Cye stared out at the water, watching the smoke dissolve as his tears reemerged. He was alone; he had nothing. There was nothing to be lost in surrender now. But why should he? Give himself over to feed this condescending sadist? This sick beast who would slaughter total strangers and kill his own children? Even if he failed in the end, he would fight back. He owed it everyone he’d wronged and disappointed, a chance to see that he wasn’t a total waste. Slowly, he gathered himself together and stared straight at Nen. The massive, taloned hand of his opponent swiped down at him, but he raised his arms over his face; a shield of intangible energy formed a barrier and kept him covered from the demon’s touch. The talons withdrew, and Cye closed his eyes, standing almost at attention as a gentle aura of light began to radiate from him. Nen backed away slightly as the lake became rough, then rose in an aerial whirlpool; the heavy pavement of the overpass broke and joined the whirlpool in its approach towards the demon. It swirled and washed over Nen, prompting an echoing shriek of agony. Slowly, the demon started to tear apart; a final cry heralded a massive wave of energy blowing out in every direction. Cye’s barrier gave way, and he staggered back as his armor dissolved into his common clothes. Debris buffeted his body, yet he remained standing. Cries of relief seemed to ring in his ears, the voices familiar. A weak smile crossed his face, just before he let his eyes roll back and his body fall--too exhausted to remain aware. It was over; all his pain was over.

Sage sat up and rubbed his aching head; wasn’t he outside before.....whatever had happened? Now he was in his room, stretched out on his bed. He swung his legs around and started out of the room. Ryo sat in the hall, just as dazed but tended to by White Blaze. Both looked at each other wearily and tried to shake away the confusion.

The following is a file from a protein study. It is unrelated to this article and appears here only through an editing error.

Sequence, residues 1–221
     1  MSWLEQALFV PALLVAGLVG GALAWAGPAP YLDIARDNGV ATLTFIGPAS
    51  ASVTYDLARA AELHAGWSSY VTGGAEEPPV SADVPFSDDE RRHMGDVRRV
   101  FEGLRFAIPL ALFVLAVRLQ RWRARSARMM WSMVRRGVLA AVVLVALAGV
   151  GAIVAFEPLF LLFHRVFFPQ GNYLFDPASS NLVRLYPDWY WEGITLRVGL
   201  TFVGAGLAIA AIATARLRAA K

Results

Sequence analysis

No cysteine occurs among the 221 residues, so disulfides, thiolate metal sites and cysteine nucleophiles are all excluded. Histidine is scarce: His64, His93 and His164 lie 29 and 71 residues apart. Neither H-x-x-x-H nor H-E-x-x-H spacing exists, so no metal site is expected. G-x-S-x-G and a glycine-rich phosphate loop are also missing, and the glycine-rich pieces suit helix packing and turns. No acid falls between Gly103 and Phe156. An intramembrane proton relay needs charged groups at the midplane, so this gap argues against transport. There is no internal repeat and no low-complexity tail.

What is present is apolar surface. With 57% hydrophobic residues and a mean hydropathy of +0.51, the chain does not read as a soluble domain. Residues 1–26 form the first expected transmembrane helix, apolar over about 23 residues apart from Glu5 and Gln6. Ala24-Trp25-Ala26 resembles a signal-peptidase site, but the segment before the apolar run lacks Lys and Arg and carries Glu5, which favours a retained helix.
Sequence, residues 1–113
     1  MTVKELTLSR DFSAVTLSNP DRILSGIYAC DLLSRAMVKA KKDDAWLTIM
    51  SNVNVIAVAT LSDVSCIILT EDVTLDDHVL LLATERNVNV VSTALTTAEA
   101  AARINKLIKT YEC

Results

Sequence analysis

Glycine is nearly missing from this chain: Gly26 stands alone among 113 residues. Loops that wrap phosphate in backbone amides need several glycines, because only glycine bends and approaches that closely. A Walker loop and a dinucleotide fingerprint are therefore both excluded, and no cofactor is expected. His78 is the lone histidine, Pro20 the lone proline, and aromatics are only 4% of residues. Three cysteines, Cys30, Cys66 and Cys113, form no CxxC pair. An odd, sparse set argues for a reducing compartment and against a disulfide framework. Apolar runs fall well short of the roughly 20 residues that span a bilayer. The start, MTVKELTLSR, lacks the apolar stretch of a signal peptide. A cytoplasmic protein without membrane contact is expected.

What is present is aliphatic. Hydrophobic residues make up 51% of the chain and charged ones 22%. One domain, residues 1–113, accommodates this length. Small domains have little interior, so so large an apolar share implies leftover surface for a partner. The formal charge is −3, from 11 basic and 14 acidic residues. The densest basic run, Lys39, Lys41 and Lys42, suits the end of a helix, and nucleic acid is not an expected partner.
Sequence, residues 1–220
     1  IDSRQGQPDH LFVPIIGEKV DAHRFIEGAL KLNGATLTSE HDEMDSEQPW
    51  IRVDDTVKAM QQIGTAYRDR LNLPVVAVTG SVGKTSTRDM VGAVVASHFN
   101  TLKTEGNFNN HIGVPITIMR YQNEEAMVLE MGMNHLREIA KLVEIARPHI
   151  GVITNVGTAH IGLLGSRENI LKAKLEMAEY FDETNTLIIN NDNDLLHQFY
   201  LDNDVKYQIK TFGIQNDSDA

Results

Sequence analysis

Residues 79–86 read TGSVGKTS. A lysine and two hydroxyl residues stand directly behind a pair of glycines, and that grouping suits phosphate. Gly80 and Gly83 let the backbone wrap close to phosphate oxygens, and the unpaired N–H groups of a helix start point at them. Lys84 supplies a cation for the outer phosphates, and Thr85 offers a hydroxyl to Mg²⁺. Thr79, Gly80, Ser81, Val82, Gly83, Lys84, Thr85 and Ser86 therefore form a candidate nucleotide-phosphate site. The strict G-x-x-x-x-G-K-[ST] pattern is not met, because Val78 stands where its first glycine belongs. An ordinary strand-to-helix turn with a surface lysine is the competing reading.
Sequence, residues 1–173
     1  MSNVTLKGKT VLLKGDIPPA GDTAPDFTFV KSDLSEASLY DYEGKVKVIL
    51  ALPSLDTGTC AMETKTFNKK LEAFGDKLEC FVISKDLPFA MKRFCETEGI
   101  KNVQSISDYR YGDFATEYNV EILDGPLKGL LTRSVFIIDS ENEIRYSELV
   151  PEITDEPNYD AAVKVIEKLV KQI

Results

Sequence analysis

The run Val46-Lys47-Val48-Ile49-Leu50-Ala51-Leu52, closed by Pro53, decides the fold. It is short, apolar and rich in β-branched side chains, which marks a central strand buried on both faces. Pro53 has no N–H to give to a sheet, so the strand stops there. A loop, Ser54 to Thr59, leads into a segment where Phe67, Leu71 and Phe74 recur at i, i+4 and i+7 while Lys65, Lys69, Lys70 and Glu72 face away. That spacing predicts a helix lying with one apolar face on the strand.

“What happened?” Sage finally asked, his throat dry.

“I don’t really remember,” Ryo moaned, petting his tiger. “You died, and then it’s a blank.”

“I didn’t die.”

“Yes, you did. You just dropped dead in the woods.”

“That’s not possible. The--”

“WHAT THE HELL HAPPENED TO MY CLOTHES?!” Kento’s voice bellowed from the living room. Ryo stood up and ran out into the living room to find Kento sitting behind the sofa, his waiter’s uniform shredded on his figure. “Mama’s gonna kill me!” He glanced up and gave his friend a relieved grin. “You’re alive!”

“Was I dead?” Ryo asked.

“Yeah.” Kento paused as he stood up, failing to notice Ryo’s wince of disgust. “Did I die, too?”

“I dunno...J--....Just put something on!”

The phone in the den started to ring, and Sage, eager to escape the spectacle in the living room, raced to pick it up as best he could. “Hello?”

“Sage?” Rowen’s weary voice asked. “Are you okay?”

“I guess,” Sage responded. “Where are you?”

“You know that parking garage near the downtown? I’m there.”

“How’d you get there?”

“I don’t really kn--.... Wait, where’s Cye?”

A distant voice, sweetly familiar, was calling him.

“Cye? Cye, can you hear me?”

Cye forced his heavy eyes open and moaned; he seemed to be witnessing a brilliant supernova.


“Mum....?” he whimpered.

“No, Cye, it’s me.” Cye focused his eyes and lifted his head. The ache in his face and head was crippling, but he struggled past it. A gentle hand helped him sit up, and he finally found the source of the voice. A surprised smile brightened him. “How do you feel?”

“Sayoko?” Cye moaned as his sister rearranged the blankets around him. “Why are you here?”

“Shh... You’ve been out for four days. Don’t strain yourself.” She held his limp hand between hers, her warmth almost burning. “Do you remember what happened?” Cye looked at her, trying to remember anything. Once he could, he blanched into near-white. “Cye?”

“Oh, no......Oh, no, they’re gone.....”

“Cye, who’s gone? Who?” Cye started to whimper vaguely. “Are you talking about your friends? They’re fine. They should stop by today. It’s okay.” She gently hugged her brother, letting him stay reclining in the bed. “Can I talk to you about something, or would you like to rest?”

“I’m okay to talk.”

“I just wanted to apologize. I didn’t realize how upset you were all this time.” Cye’s head drooped, hitting the pillow. “Your friends told me everything, and there really isn’t any excuse for my treatment. I just didn’t want to accept Mum could go so quickly and suddenly. I’m sorry I wasn’t there.”

“Thank you so much. I didn’t think I had anything left.” Sayoko let her little brother weep into her arms, carefully avoiding the intravenous tubes that nurtured him. “Is everyone okay?”

“Yes, of course.”

“Even Ayame?”